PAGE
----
Gideon Haigh must like a challenge if the story of the murder of Mollie Dean is anything to go by. There's not a lot known about Mollie - during her lifetime, or sadly about her violent and vicious death. What little is known is gleaned from small clues left behind, a single photograph, some of her published writing, newspaper reporting and extrapolation of the contradicting societies in which she mixed.
A SCANDAL IN BOHEMIA starts out concentrating on those societal aspects. Mollie Dean's life initially took the expected path of the daughter of a respected school teacher and a difficult mother, after a good education, she went into teaching, specialising, and succeeding, based on scant records, with special needs classes in particular. There are elements of her early life, however, that give some clues as to why she yearned to veer from that path. Her father died when she was young, and her mother was, by accounts of friends and family, an awful woman. Pushy, demanding and self-involved, her desperation to control Mollie (and her salary), right down, it would seem, to attempts to marry Mollie off to her own young lover, were obviously part of Mollie's longing for "a room of one's own". The echoes here with Virginia Woolf's essay are obviously relied on heavily by Haigh in drawing out a picture of a young woman, a would be writer and poet, who tries many times to remove herself from a toxic family, seeking comfort, acceptance and validation in the artistic and bohemian circle of artists and thinkers surrounding Max Meldrum and Mollie's own lover Colin Colahan.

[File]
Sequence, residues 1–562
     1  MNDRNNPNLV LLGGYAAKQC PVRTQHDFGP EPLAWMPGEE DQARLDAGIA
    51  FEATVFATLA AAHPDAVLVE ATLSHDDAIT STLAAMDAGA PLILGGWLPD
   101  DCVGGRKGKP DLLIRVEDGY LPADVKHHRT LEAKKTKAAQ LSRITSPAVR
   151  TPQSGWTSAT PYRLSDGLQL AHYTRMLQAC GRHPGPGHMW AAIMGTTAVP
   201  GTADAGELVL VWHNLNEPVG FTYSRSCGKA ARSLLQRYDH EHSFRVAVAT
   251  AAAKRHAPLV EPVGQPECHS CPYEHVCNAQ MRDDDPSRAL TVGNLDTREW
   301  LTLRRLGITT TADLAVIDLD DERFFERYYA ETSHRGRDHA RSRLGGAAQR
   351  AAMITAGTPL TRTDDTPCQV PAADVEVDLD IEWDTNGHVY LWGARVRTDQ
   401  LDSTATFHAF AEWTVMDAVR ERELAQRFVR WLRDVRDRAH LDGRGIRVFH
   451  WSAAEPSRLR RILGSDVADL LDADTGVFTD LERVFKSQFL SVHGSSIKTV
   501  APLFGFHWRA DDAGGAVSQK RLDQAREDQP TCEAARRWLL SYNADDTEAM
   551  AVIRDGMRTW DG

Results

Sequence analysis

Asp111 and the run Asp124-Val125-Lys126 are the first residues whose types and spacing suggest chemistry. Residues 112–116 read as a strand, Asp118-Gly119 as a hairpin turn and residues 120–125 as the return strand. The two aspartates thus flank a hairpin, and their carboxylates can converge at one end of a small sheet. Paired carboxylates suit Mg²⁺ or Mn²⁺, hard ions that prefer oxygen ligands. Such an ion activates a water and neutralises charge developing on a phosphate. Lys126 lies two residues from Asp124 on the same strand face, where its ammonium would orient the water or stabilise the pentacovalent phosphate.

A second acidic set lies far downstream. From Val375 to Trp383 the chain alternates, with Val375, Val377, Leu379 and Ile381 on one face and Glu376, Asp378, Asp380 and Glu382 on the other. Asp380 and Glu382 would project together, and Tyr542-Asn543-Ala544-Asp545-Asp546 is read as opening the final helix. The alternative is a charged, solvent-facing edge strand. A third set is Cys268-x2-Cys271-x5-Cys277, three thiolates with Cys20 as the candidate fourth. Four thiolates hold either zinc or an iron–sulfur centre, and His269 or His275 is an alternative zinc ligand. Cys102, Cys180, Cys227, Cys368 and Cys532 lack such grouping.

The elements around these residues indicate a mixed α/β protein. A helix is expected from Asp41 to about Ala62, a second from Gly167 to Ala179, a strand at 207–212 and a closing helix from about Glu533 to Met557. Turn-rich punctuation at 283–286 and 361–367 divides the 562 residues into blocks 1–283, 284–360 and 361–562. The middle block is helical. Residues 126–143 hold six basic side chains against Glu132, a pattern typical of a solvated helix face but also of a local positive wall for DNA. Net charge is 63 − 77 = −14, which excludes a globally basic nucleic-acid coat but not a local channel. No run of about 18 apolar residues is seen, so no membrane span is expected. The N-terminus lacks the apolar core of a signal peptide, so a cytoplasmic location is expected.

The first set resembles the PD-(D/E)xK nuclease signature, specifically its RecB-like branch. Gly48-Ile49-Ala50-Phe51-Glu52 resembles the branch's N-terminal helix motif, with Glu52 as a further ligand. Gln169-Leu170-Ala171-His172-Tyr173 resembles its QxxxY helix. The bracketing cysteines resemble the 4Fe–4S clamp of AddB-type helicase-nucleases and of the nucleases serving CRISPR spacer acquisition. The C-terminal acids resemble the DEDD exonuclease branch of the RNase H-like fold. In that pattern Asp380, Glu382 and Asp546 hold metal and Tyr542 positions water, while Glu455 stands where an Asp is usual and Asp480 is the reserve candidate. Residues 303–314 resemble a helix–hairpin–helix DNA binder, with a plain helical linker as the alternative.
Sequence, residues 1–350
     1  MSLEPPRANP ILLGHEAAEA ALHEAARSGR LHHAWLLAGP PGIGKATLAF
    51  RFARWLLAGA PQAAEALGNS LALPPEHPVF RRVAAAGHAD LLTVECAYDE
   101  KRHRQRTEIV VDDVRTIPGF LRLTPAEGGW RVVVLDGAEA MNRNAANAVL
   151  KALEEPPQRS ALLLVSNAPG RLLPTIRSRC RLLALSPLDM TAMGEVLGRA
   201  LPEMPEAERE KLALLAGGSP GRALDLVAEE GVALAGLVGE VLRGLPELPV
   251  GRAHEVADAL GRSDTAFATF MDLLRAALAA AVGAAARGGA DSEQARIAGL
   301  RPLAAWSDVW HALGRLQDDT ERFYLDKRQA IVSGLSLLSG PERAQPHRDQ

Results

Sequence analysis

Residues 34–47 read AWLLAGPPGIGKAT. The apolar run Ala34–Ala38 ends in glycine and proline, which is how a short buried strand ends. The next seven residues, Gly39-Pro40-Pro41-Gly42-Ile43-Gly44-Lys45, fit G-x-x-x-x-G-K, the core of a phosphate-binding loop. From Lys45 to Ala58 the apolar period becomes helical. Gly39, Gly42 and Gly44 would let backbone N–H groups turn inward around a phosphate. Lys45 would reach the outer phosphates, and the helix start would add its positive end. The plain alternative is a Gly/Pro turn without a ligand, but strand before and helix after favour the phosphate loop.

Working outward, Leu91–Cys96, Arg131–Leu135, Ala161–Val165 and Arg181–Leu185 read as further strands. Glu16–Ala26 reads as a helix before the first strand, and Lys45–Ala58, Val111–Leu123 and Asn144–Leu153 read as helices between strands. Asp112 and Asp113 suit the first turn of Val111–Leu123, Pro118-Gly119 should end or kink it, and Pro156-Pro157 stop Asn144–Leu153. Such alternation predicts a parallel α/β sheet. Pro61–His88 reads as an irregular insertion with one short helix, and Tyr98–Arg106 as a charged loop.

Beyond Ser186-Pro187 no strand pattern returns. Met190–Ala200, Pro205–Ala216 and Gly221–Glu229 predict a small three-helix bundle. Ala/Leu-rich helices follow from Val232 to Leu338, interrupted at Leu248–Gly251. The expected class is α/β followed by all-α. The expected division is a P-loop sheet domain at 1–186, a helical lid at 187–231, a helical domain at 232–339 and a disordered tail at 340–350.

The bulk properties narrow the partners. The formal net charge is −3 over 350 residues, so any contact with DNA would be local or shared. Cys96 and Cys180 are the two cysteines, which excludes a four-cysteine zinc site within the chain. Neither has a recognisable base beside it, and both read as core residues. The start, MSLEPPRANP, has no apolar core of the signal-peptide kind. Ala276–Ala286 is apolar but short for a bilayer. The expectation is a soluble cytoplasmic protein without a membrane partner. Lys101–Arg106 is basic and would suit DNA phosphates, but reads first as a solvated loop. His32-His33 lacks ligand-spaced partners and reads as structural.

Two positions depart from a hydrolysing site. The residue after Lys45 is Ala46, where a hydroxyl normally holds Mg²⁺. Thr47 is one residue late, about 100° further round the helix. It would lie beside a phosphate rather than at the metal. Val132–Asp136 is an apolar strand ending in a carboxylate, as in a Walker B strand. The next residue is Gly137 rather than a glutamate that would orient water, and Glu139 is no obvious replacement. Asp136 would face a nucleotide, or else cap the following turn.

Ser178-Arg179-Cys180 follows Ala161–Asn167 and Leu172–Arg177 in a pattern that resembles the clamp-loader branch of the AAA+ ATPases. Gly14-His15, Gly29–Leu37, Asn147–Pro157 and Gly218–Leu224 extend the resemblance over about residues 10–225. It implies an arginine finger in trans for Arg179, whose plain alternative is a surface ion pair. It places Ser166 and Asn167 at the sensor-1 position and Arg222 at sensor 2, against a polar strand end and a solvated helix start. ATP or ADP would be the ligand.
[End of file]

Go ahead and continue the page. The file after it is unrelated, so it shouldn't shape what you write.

Attempting to outline the world that Mollie was trying to find a way in, Haigh has done considerable work in identifying the leading figures in the group, outlining their complicated relationships - friendship and sexual - drawing a picture of two very different worlds. A home life blighted by an overbearing mother, who went so far as to have Mollie followed at times (not from care or concern but control), and the free, easy, and literate life of the artistic community. It's very easy to see how a young woman of that time would be drawn to the artistic group, drawn to life as the lover of a talented, albeit somewhat insipid sort of a man. All of that stacks up against the sad and vicious murder of Mollie, and what now seems to have been the disinterested way in which the investigation was treated.
Haigh approaches these books in a manner which reminds you of the lead of an investigation team. Using genealogical sources, public records source, police records and scant snippets of information gleaned from many sources, he pulls together pictures of the time, and the people. Obviously here he's very hamstrung in being able to draw a detailed picture of Mollie Dean and the murder investigation that commenced after her death because so little remains in the records about her and it. There's plenty of conclusions to be drawn from that, and Haigh, as in his last historical true crime book Certain Admissions, leaves the reader to their own devices in that area. That lack of detail is probably going to be very frustrating for some readers, and for others, overwhelmingly instructive.
From this account it seems that Mollie Dean was a beautiful, clever, talented young woman who was keen to make a mark and achieve something in her life. Her life was taken from her in the most brutal of manners because somebody wanted to control that. Who did that and why, readers will have to decide for themselves.